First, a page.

1950 - 2000
A time for experiments - I
Already during the first half of the 20th century, artists designing monuments for Ludwig van Beethoven were looking for new concepts. As many of the previously accepted forms and subject matters were being questioned due to the experiences of the Second World War, the search for new concepts even increased in the years after 1945.
Thus a number of new approaches were developed, quite different in their meaning and style. American sculptor Eugen Cuica (*1913), for example, chose purely abstract forms to express his veneration of Beethoven's music for his monuments.
Sculptor Klaus Kammerichs from Düsseldorf went an entirely different way when focusing on Beethoven as a person. He created a large-format, three-dimensional version of the Beethoven portrait by painter Joseph Karl Stieler (1781-1858). Stieler's painting from 1820 is now one of the most popular and famous Beethoven depictions of the 19th century.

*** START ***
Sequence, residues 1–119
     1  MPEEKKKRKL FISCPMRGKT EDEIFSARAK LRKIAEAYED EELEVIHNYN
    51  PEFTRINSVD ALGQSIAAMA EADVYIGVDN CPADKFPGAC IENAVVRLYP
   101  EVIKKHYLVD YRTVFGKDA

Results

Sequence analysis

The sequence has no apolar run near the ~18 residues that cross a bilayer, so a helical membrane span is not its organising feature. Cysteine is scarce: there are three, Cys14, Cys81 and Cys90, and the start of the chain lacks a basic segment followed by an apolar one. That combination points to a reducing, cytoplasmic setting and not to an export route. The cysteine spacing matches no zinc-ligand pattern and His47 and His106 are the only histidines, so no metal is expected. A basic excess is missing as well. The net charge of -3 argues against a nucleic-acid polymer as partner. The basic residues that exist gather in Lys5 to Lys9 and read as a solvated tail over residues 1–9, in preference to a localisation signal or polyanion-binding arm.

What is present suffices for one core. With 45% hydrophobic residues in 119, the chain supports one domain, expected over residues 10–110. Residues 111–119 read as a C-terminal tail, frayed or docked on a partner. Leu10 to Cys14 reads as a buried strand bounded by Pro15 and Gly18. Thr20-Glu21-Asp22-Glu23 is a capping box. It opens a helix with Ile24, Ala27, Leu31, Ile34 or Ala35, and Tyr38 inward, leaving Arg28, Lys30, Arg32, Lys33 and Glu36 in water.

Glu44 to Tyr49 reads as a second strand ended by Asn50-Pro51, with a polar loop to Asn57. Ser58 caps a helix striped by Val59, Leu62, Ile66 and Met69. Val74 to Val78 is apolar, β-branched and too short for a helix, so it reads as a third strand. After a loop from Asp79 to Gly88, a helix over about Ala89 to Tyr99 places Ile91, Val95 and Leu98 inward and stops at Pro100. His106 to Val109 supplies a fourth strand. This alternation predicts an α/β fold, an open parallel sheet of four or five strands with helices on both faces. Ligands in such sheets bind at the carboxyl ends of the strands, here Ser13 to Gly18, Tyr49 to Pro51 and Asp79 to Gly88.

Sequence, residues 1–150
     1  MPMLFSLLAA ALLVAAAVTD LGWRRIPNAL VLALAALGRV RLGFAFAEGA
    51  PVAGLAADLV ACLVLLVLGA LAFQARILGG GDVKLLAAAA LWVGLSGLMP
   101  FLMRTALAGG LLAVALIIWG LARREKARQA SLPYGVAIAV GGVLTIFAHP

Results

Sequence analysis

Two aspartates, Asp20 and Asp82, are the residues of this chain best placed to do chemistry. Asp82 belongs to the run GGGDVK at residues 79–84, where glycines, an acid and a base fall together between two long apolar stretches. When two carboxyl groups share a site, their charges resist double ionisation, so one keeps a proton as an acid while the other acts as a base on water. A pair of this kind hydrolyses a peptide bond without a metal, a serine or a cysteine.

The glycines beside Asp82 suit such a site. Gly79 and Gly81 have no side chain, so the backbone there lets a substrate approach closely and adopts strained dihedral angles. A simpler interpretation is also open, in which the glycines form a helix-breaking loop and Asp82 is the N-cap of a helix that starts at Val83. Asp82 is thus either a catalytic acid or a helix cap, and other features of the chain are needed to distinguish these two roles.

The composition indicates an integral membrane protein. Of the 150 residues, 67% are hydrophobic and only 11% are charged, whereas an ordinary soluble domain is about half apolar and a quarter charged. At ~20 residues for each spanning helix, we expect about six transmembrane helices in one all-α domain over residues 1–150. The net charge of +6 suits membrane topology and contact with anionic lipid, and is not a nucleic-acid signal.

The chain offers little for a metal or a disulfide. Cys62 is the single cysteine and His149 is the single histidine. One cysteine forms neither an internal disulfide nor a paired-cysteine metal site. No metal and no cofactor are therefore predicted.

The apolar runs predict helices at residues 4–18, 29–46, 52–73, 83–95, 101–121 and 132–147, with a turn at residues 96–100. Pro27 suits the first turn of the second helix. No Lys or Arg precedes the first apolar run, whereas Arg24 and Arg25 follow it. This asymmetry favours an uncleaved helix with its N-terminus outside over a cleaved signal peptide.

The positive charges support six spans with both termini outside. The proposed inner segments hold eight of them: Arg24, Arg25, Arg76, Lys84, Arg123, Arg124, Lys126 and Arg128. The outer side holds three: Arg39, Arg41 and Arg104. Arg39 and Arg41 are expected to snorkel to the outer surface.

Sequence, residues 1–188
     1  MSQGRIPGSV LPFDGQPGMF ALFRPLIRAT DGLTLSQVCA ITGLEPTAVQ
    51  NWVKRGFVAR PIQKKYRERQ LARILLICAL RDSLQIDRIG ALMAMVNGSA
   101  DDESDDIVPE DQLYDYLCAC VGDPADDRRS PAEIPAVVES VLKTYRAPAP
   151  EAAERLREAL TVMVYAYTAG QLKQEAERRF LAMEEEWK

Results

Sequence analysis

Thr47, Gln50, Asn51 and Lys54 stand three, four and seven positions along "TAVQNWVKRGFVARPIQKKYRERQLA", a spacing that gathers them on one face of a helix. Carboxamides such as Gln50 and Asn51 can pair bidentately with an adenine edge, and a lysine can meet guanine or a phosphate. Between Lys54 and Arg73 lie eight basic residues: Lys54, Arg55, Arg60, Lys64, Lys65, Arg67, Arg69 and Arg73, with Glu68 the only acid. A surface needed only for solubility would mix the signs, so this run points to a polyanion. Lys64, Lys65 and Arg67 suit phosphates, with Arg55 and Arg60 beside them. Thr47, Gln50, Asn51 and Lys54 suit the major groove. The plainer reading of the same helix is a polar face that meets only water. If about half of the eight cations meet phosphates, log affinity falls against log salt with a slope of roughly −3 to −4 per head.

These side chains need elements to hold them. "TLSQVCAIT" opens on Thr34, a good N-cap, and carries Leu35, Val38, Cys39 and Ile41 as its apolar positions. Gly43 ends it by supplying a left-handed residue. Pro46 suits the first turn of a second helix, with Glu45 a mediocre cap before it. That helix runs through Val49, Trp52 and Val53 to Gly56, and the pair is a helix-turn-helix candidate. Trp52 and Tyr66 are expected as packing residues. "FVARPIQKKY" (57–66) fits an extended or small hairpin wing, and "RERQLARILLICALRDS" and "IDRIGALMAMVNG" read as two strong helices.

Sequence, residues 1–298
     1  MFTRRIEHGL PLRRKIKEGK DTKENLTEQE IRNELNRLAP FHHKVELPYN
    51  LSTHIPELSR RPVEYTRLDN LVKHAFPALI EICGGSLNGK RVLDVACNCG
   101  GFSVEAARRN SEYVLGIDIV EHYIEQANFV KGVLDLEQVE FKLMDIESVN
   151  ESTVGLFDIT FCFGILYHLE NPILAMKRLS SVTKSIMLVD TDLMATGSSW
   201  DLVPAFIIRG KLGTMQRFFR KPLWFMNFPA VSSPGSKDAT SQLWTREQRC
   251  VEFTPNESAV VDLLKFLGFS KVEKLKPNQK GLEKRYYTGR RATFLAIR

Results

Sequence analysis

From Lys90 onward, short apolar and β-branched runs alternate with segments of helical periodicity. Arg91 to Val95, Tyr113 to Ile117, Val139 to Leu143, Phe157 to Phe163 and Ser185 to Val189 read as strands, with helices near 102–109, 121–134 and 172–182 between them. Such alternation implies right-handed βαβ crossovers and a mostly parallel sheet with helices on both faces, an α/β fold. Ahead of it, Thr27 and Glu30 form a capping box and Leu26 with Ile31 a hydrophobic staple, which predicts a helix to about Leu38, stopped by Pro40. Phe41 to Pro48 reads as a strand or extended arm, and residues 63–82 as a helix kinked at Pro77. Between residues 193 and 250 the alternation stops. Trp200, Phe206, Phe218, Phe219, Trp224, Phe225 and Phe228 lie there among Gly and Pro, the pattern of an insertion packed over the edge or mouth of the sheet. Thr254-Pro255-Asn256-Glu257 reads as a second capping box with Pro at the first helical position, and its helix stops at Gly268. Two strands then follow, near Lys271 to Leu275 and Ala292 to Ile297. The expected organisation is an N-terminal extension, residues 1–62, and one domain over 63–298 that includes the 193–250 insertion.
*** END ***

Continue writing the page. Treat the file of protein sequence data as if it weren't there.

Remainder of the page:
The monument erected by Klaus Kammerichs in front of the Beethoven Hall in Bonn in 1986 captures the whole basic difficulty a modern society experiences regarding the exposure to Beethoven as well as its opinion towards outstanding artists of the past. In his work, Kammerichs related to a portrait that influenced our idea of Beethoven's appearance like no other portrait. Therefore, the sculptor not only created a monument that looked familiar but also made it clear how strongly conventions and ideas from the past influence modern society in its view of Beethoven.